Smart Traffic Signals

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Date: November 27, 2016

Anchor Lede: Even the most sophisticated traffic signal timing systems only respond to local conditions, and might cause more harm than good on your drive home.

Randy Atkins: City-wide traffic disruptions could result from even well-intentioned signal adjusting in one place.

Carolina Osorio: You have to be able to forecast how people are going to react to that, and that is typically very difficult.

Randy Atkins: Carolina Osorio, an MIT engineer, is creating models – with data from driver surveys and observations – aimed at synchronizing traffic lights across an entire city.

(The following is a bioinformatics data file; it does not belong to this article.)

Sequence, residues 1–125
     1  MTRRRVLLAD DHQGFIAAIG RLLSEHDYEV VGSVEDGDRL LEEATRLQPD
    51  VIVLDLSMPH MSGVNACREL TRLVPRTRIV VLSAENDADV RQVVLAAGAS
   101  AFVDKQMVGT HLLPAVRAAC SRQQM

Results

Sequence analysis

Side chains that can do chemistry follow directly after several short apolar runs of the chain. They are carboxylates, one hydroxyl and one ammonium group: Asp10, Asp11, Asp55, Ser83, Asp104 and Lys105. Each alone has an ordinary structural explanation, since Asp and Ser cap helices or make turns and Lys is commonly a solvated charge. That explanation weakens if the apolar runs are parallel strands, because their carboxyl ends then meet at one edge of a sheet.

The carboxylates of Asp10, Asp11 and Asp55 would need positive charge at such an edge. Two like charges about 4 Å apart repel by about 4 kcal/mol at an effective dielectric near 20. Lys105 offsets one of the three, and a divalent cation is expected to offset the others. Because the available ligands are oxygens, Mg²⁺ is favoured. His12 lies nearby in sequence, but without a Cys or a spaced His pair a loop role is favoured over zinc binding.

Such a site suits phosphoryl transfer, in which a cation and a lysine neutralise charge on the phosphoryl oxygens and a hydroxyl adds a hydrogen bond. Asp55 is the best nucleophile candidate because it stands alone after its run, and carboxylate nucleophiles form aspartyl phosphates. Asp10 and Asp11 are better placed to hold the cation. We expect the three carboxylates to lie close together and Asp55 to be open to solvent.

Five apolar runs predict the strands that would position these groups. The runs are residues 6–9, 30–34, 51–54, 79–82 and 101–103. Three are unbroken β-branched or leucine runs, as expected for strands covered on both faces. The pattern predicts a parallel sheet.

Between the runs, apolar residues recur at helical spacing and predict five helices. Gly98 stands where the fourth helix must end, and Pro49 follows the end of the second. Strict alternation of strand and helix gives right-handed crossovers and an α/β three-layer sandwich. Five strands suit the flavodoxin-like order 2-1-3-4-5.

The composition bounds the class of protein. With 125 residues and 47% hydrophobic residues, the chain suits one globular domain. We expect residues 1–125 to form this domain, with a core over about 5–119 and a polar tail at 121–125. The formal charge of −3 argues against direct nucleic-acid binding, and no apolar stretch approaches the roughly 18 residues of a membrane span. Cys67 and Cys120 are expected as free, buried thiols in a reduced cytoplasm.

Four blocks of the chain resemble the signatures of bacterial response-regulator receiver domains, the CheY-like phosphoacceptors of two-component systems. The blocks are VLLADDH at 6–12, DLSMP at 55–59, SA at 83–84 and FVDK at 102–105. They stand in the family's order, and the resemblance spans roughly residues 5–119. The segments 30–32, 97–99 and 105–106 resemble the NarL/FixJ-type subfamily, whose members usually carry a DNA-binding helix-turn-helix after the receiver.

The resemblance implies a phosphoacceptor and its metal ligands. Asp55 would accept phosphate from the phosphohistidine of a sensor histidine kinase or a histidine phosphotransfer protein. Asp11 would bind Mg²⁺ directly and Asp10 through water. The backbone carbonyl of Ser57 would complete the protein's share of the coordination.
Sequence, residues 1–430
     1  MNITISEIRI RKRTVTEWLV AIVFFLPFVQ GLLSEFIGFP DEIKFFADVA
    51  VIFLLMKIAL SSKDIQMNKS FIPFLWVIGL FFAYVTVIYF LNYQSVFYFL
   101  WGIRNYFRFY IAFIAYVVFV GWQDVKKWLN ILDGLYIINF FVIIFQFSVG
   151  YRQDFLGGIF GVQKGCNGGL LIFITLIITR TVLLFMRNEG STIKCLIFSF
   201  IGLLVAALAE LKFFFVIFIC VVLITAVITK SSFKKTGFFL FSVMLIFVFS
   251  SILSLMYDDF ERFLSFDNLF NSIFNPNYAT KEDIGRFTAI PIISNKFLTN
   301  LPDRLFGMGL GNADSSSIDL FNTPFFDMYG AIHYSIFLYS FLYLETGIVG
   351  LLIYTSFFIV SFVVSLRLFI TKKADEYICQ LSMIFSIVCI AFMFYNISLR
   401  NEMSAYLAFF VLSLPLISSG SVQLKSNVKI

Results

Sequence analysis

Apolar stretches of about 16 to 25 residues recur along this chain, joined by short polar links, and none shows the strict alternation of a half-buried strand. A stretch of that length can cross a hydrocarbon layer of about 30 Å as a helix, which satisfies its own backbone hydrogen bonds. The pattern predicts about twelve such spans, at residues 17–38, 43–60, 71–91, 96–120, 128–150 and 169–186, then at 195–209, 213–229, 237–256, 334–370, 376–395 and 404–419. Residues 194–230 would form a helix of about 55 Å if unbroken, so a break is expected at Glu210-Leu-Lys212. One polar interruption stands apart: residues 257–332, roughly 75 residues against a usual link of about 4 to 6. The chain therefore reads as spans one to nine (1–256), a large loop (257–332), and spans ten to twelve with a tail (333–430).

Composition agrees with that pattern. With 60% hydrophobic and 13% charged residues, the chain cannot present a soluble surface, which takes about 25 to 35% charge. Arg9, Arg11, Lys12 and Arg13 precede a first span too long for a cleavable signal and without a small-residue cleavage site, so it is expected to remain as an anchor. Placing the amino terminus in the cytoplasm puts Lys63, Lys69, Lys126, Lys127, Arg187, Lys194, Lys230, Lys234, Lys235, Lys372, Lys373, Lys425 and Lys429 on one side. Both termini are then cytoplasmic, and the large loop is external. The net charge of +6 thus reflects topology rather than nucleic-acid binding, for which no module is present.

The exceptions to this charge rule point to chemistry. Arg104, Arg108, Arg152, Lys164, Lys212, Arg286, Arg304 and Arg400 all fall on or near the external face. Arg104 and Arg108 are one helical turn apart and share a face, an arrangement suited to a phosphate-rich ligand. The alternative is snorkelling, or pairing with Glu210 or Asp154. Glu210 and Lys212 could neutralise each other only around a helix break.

Carolina Osorio: We’re simulating tens of thousands of travelers and for each traveler he or she is making thousands of travel decisions throughout his or her trip.

Randy Atkins: That takes time, even for a computer, and signaling decisions need to be made within minutes. So there are engineering challenges still to be worked out, but Osorio says the system could ultimately both reduce travel time and make it more predictable. With the National Academy of Engineering, Randy Atkins, WTOP News.